Georgia Bulletin

The Newspaper of the Catholic Archdiocese of Atlanta

You never quite breathe the same once they’re gone

By LORRAINE V. MURRAY, Commentary | Published October 29, 2021

As All Souls’ Day approaches, many people weep over the list of their beloved dead. How long that list grows as we become older! And for me, how utterly strange that my husband’s name is there. How can he be dead, when he was part of my heart?

We talk about a woman “losing” her husband, which is true in one sense. As a widow for six years, my losses have been enormous. There’s no longer someone to bounce ideas off, no longer someone to help ward off the fears that stalk me, no longer a special someone to love.

“Sonnet” by Jef Murray

In “A Grief Observed,”  C.S. Lewis wrote about the searing pain he experienced when his wife, Joy, died of cancer. He compared his grief to the agony someone experiences upon losing a leg. Even if you get an artificial limb, the pain and the shock—and the loss—will be with you forever.

“Bathing, dressing, sitting down and getting up again, even lying in bed, will all be different,” he wrote. “At present I am learning to get about on crutches. Perhaps I shall presently be given a wooden leg. But I shall never be a biped again.”

This is totally true for me, since not a day goes by that I don’t recall what it was like to be a biped. When someone is so deeply embedded in your heart, you never quite breathe the same once they’re gone.

Still, the agony of the early years has dissipated, when at times my grief was so unbearable that suicide crossed my mind. Anything, you see, to stop the pain. But the possibility that I might miss seeing my beloved husband again stopped me.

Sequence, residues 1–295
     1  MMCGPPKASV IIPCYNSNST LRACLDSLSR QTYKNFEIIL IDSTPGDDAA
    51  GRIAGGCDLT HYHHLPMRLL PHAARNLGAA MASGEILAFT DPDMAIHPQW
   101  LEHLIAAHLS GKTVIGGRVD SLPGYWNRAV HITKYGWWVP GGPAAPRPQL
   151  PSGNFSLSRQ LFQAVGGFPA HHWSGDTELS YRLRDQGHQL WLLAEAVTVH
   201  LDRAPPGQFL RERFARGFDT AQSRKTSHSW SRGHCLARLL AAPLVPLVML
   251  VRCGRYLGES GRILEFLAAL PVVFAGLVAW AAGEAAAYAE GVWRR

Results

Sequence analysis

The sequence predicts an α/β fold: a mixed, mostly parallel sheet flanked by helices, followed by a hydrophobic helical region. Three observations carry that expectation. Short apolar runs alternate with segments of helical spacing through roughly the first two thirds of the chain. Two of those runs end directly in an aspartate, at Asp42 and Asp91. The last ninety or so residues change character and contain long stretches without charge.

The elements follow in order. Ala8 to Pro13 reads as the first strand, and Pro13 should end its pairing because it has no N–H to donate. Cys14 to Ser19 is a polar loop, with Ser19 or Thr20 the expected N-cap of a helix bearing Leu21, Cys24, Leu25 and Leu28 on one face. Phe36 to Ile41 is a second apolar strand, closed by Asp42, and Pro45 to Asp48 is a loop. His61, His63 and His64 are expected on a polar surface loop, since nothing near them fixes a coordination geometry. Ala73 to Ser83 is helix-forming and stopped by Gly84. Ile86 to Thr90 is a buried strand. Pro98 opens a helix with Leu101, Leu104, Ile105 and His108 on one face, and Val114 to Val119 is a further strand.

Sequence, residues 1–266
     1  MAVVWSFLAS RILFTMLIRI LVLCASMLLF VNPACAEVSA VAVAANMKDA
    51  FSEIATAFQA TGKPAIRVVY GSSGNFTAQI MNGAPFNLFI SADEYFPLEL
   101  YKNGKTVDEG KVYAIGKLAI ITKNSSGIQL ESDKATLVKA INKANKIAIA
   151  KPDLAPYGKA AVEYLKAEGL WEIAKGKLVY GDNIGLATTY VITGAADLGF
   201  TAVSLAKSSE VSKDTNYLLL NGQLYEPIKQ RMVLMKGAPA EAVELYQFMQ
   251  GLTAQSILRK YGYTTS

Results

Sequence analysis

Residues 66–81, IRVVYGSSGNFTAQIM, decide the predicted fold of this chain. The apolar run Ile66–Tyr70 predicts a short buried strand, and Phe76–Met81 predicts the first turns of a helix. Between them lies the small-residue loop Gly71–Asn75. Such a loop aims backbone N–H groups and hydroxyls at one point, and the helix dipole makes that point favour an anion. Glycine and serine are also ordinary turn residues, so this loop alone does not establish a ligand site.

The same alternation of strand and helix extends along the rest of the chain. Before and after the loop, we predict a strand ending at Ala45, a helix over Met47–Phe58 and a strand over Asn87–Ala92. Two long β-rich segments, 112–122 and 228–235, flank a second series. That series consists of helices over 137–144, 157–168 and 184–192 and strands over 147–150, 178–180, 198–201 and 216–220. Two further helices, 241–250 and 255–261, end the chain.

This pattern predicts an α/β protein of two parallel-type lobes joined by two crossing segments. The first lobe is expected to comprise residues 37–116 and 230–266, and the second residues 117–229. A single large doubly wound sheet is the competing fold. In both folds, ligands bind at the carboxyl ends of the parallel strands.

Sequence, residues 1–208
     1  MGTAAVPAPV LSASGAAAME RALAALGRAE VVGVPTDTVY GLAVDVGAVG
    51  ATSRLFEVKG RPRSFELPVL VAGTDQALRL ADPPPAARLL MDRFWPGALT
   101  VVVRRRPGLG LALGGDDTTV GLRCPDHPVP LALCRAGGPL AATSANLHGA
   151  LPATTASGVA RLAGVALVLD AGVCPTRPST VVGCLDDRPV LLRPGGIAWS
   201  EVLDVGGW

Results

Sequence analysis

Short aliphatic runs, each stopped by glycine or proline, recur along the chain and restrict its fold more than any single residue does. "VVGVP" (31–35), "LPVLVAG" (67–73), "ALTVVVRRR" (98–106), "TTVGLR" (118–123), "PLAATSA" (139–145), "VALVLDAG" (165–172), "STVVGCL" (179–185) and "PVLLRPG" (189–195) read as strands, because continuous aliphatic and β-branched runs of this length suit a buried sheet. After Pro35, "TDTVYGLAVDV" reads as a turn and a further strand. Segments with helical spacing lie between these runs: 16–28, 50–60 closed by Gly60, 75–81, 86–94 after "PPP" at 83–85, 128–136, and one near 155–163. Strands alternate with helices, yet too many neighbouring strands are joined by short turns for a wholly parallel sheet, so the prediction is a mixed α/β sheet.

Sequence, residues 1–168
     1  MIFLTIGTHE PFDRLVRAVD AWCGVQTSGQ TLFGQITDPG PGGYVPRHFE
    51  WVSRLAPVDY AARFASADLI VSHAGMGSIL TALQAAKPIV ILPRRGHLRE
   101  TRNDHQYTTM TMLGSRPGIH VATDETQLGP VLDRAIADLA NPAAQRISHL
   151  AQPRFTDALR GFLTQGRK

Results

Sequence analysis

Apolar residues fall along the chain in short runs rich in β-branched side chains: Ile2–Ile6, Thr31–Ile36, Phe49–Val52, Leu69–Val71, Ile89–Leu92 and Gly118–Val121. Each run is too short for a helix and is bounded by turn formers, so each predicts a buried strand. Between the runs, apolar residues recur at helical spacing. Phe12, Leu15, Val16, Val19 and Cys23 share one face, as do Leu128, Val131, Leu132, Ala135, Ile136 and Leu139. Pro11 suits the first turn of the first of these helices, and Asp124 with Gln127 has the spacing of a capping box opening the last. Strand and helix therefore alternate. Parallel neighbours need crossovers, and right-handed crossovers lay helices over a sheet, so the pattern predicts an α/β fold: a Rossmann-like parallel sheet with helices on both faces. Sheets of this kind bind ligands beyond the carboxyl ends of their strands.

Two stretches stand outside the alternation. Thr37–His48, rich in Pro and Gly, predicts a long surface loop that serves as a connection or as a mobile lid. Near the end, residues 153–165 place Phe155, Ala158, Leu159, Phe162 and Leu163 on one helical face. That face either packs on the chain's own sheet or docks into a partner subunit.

God gave me so many graces as I struggled to adjust. I began going to daily Mass, where offering up my Communion for my husband helped me feel close to him. I also relied heavily on a grief counselor, plus a priest who had long ago befriended my husband and myself.

Accepting widowhood as a cross has revealed the intimate connection between discipleship and suffering. Jesus said, “Whoever wishes to come after me must deny himself, take up his cross, and follow me.” As we reflect on the names of the dead—the child, the spouse, the parent—we may realize they’ve become part of the wood of our cross.

Loneliness can be excruciating at times, but it can draw us closer to Jesus. “Could you not watch one hour with me?” he asked his friends. He needed their consolation as he faced death, but they left him all alone.

My husband is still with me in ways I can’t possibly understand. I dream about him nearly every night with plots that repeat over and over. Usually I’m trying to call him, but the phone breaks or it’s the wrong number. Every so often, I hit the jackpot and we are suddenly together again. In some dreams I’m trying to tell him he’s dead, but the message seems ludicrous, because he’s so clearly alive.

On All Souls’ Day, I’ll remember the words from the Book of Wisdom: “The souls of the just are in the hand of God, and no torment shall touch them.” I haven’t lost my husband, not really. You see, in a mysterious way, he’s helping me bear the weight of the cross. We’re still connected through prayers, Communion and dreams—and for now, that has to be enough.

Artwork (“Sonnet”) is by Lorraine’s late husband, Jef ( Her email address is